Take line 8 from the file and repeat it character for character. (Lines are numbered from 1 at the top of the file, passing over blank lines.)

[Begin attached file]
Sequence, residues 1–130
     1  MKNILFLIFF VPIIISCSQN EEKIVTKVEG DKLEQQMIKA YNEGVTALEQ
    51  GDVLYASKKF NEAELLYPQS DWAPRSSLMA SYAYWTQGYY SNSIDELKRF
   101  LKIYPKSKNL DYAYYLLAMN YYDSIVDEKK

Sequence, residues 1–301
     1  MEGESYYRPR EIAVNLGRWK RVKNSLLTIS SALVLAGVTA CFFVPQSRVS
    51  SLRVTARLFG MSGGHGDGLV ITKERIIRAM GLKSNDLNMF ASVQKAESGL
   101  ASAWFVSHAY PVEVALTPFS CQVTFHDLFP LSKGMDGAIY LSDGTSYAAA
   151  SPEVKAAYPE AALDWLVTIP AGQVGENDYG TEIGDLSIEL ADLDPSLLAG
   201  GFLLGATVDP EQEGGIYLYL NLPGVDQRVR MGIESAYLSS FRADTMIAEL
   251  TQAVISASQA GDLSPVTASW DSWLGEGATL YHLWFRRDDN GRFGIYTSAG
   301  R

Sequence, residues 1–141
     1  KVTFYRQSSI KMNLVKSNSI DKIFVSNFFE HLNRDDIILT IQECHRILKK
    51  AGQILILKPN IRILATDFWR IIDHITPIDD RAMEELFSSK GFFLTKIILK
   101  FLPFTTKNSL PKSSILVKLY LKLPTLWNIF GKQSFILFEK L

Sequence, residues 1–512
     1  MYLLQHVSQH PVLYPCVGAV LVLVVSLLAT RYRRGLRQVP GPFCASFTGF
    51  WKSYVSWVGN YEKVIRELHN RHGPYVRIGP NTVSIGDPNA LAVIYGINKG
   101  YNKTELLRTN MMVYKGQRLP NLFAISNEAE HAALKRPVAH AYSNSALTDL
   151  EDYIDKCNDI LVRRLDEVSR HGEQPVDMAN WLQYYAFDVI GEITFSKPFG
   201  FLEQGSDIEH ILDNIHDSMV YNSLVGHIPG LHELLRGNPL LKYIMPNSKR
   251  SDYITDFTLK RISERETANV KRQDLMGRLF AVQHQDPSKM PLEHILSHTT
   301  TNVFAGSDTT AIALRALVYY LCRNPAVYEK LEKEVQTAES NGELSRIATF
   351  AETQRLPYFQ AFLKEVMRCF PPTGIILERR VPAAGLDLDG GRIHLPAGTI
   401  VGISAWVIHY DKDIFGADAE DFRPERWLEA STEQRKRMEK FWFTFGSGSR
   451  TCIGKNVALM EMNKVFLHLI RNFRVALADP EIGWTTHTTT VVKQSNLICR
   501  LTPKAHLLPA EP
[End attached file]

   101  ASAWFVSHAY PVEVALTPFS CQVTFHDLFP LSKGMDGAIY LSDGTSYAAA